microscope (Fig 5). The mean percentage of proliferating cells at early and late stages in live and
cadaveric limbal explant cultures is shown in Table 2 and Fig 6A. The mean total percentage of
proliferating cells at confluency was 31.80±3.81 and 33.49±4.25 for live and cadaveric cultures
respectively which was comparable (p = 0.325) (Fig 6B). Besides, the cells in the explants show
fluorescence at all the time points indicating their proliferation.
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Fig 5. BrdU cell proliferation assay for limbal culture from cadaveric tissue. Cells of the explant expansion showing BrdU (Red)
staining denoting cell proliferation compared to the total number of cells represented by nuclear counterstain DAPI (Blue). Yellow dotted
lines indicate edge of the explant and white solid lines indicate the periphery of the cell expansion. Explants in left hand pane appear as red
patches due to staining of BrdU indicating cell proliferation inside the tissue.
Early (Day 3)
Late (Day 9)
Early (Day 3)
Late (Day 9)
Fig 6. Rate of cell proliferation. A) Comparative analysis of mean cell proliferation for live and cadaveric cultures both at center
and peripheral positions at different time points. B) Total mean percentage of proliferative cells in live and cadaveric cultures.
Cadaveric cell proliferation is significantly greater on day 5 at the culture periphery (p = 0.013) in addition to the total proliferation
rate (p = 0.018). Statistical test used is `Two sample t-test' with variability of data represented by standard error (SE).
Limbal progenitor and epithelial cell survival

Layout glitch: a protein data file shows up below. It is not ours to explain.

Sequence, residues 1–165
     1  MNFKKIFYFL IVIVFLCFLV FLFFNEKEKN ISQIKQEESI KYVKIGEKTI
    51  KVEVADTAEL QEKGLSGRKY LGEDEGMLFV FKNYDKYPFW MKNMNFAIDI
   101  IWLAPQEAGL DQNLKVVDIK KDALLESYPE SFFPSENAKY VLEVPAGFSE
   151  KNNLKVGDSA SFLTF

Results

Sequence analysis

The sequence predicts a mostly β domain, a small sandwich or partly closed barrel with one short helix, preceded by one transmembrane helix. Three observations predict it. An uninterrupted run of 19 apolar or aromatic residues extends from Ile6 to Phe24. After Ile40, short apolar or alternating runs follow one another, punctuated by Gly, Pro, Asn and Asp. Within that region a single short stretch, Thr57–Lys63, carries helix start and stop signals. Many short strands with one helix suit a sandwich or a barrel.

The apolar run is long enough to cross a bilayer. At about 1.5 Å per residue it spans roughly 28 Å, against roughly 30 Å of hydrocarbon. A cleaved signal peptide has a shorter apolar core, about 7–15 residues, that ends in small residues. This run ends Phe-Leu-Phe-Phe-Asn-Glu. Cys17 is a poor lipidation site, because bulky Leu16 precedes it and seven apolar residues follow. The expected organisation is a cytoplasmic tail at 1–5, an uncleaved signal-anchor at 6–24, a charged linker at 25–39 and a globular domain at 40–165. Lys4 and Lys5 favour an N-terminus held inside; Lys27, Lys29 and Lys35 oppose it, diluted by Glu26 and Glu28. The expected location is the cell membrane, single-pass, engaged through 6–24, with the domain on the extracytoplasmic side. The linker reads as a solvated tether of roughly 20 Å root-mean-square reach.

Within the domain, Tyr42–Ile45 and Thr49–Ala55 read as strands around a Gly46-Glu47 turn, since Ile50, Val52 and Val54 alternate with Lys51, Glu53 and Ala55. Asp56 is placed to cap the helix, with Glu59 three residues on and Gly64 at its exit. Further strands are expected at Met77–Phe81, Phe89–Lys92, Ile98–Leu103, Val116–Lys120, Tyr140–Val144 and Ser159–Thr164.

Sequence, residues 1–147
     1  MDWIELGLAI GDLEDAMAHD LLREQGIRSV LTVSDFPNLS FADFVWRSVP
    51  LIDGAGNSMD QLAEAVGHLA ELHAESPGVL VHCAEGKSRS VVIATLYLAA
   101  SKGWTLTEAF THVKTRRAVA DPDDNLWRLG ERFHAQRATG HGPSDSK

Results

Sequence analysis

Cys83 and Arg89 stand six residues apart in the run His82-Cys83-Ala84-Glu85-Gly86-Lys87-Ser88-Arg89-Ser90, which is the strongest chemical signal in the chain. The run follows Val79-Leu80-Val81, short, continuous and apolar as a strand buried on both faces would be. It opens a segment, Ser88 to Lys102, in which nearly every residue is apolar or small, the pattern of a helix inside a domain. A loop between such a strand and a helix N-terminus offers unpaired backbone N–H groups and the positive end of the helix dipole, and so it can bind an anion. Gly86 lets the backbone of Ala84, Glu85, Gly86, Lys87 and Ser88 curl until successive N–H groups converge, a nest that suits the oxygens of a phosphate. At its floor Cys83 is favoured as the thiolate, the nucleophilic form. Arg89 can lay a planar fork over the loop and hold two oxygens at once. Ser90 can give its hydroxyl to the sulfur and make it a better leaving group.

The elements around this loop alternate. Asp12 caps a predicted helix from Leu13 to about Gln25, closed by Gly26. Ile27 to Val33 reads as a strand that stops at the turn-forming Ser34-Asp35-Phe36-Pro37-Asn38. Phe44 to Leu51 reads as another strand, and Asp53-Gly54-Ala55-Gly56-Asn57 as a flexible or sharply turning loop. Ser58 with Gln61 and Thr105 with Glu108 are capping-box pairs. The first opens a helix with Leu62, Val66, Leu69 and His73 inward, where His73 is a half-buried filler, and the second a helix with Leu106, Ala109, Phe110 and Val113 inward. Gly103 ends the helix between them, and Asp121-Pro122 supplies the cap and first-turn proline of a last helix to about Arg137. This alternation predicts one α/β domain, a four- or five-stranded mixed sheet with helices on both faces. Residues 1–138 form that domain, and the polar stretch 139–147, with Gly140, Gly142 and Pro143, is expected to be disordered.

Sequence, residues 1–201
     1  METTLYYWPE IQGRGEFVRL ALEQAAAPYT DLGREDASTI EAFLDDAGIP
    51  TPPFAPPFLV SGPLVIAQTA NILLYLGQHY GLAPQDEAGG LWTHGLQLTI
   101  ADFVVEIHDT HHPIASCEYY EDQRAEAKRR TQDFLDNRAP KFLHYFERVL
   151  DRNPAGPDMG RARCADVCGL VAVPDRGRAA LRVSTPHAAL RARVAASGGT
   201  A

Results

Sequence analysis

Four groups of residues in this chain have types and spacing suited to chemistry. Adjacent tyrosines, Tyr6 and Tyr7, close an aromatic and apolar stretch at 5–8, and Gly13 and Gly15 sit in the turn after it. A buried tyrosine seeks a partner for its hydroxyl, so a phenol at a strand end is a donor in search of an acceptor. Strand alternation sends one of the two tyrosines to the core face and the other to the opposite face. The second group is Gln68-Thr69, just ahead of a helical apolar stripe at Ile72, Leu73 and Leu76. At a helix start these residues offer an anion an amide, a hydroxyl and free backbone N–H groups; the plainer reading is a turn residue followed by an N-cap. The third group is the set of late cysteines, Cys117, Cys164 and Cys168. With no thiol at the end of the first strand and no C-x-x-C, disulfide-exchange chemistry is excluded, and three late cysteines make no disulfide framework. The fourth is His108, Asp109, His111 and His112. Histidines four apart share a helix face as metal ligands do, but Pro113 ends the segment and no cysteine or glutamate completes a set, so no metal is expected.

At confluency, the limbal epithelial culture grown on amniotic membrane was analyzed for
the presence of corneal epithelium or putative limbal stem cells using immunofluorescence.
To determine the presence of corneal epithelial cells, expression of cytokeratin 3+12 (Fig 7A
and 7B) was assessed which was found to be scattered over the area of cell expansion. In
addition to that, to ascertain the presence of limbal progenitors in the culture which would aid in
further survival of the culture after transplantation, we had identified the cells expressing
ABCG2 which were found specifically nearer to the edge of cell expansion area (Fig 7C and
7D) and p63α expressing cells dispersed across the culture (Fig 7E and 7F). The cells further
expressed E-Cadherin denoting the thorough formation of adherens junctions of the epithelial
cells (Fig 7G and 7H).
Gene expression analysis of the limbal cultures in both cadaveric and live groups had shown
similar expression profiles. Limbal cells from both the groups had expressed stem cell markers
ABCG2, cytokine IL-6 with respect to the β-Actin expression (S3 Fig).
Our study provided an additional strategy for enhancing success of limbal transplantation by
optimizing the explant parameters. We demonstrated for the first time that limbal explant
cultures in both cadaveric and live biopsy cases from a single explant can expand its cell growth to
an extent beyond the area of the anterior corneal surface i.e., to 132 mm2 in a span of 8 days.